In this Featured Member series, AATA celebrates the work of our members. During the coronavirus pandemic, we are inviting members to share their experiences about how their professional and personal lives have changed.
August 26, 2021
What has changed (or remained the same) in your job/studies during the COVID-19 pandemic?
The pandemic really forced me to prioritize and focus on what I am passionate about in my work as an art therapist. This ability to prioritize has allowed me to be at home with my young children and also do work that is meaningful for me. It brought me to a path where I was able to start working with individuals seeking art therapy as a support during pregnancy and postpartum. Prior to the pandemic I had imagined continuing to work with children, however, when given the opportunity to support mothers who were struggling with birth trauma and postpartum identity changes, I really started to feel at home in my work.
In what ways have your clients been impacted by COVID-19? Have you been able to continue care? How are you managing your own stress during this time?
In some ways the changes that have come with Covid-19 have really benefited my clients. The new mothers that I have worked with can now stay home in a place that they feel safe and comfortable while also receiving therapeutic support. It’s huge to not have to worry about how you’re going to feed your new baby during a session or whether they are going to have a poop blow out upon arriving to your office.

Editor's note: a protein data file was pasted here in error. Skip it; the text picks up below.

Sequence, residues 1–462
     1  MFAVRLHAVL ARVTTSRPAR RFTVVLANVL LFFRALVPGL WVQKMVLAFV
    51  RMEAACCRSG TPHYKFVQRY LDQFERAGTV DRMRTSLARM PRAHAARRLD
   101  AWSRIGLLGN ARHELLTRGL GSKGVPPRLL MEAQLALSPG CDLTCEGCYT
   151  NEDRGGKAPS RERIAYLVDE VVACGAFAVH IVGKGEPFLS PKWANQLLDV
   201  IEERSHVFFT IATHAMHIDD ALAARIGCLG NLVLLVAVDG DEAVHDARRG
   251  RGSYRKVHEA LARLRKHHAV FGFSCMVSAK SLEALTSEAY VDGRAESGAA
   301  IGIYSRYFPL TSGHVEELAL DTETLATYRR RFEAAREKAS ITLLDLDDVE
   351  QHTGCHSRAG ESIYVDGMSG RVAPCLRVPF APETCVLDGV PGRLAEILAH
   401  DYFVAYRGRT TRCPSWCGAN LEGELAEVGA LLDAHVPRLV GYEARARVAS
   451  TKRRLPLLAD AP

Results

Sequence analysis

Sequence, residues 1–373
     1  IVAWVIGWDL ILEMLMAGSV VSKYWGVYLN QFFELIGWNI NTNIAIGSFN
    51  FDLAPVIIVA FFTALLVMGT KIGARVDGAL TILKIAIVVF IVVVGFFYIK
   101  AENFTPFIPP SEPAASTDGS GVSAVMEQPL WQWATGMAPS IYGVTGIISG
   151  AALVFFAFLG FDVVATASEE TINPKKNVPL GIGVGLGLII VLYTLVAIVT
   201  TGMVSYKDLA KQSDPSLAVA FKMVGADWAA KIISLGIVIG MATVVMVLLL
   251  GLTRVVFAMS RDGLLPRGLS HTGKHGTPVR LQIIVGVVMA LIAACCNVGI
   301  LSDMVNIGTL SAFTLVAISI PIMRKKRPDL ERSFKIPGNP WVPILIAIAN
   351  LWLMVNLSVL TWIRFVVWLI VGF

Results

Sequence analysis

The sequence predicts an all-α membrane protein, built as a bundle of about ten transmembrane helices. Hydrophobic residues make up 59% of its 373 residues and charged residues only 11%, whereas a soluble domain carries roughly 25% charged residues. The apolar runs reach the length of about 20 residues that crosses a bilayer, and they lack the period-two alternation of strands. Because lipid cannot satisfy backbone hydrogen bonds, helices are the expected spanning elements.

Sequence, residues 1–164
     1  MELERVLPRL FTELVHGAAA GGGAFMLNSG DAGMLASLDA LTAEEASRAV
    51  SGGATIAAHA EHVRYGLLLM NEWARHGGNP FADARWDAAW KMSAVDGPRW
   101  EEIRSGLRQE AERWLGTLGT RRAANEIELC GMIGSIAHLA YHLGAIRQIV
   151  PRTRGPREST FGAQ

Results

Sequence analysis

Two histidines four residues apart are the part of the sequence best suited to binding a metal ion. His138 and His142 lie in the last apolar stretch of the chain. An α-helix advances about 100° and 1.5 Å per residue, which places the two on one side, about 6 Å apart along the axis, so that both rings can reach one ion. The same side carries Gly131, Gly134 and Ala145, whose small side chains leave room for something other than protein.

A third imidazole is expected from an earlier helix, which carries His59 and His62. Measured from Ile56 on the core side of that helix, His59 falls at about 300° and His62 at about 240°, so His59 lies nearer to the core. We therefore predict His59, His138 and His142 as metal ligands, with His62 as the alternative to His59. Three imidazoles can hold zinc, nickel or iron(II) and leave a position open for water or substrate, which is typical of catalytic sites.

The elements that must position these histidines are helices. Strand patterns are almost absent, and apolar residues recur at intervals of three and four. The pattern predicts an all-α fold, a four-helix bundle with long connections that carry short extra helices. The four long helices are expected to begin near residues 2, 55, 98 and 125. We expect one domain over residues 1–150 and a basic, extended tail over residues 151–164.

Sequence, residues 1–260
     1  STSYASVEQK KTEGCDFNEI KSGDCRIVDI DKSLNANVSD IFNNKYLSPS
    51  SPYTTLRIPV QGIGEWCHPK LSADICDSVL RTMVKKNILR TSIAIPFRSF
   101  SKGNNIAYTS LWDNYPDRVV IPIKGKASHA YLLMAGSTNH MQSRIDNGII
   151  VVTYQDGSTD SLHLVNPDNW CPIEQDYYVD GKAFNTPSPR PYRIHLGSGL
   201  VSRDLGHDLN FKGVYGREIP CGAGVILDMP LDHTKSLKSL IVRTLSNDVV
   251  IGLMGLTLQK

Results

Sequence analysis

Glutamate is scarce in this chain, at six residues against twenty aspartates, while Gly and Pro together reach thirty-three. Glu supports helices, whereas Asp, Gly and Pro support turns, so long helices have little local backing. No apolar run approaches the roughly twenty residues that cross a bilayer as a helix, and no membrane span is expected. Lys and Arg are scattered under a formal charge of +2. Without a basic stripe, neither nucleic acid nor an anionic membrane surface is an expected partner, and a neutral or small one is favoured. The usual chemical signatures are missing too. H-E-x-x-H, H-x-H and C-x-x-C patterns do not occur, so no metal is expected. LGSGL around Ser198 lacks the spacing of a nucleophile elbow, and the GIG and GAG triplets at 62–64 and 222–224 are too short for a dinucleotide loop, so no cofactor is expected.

I manage my own stress by finding little, fulfilling projects to complete around my home. I love to design my space and make it my own and that’s one thing that being at home all the time during a pandemic really lends itself to. I also “read” science fiction novels via apps on my phone and have stayed connected to my faith practice.
How have race related issues, social justice, and racism informed or impacted your work as an art therapist or studies as a student?
In all of the areas in which I work, I notice the people who occupy those spaces. Many of the spaces are dominated by white people and I’ve started to examine why that it is, how I can learn more about the needs of people of color, and learn to just be there to listen to their stories. For example, I’ve listened to birth stories from women of color. Black women have higher infant mortality rates and generally worse birth outcomes than white people because of unconscious bias in medical spaces. Just being conscious of this fact and able to point in out to other providers and people in my life is part of making change.
How do you view your role as an art therapist during COVID-19?
Regardless of the state of the world, although it is very applicable during these pandemic times, I see myself as a facilitator of safe spaces. I want my clients to be able to find spaces in their lives, in their bodies, and in their births that are safe. With women who have experienced birth trauma, this can look like creating a nest out of objects that they are drawn to (fabric, yarn, paper, felt, moss, branches). This nest can then be used to craft a birth plan that outlines not only their medical preferences (epidural, no epidural, delayed cord clamping etc) but also their emotional and mental health preferences. It can also help them embody and internalize this feeling of safety through image, sensations, and the movement of creating.
Janna VanderBand, MSAT, ATR-P
Janna is an Art Therapist in Grand Rapids, Michigan. She received her Master of Science in Art Therapy with an Emphasis in Counseling from Mount Mary University and a Bachelor of Applied Arts in Two Dimensional Art from Central Michigan University. She currently provides individual and group therapy addressing perinatal mood disorders, addiction, and other mental health needs. Prior to working in private practice and addiction treatment, Janna worked as a Family Therapist at a local residential treatment facility for children ages 7 to 17. She is the President Elect of her state chapter, the Michigan Association of Art Therapy.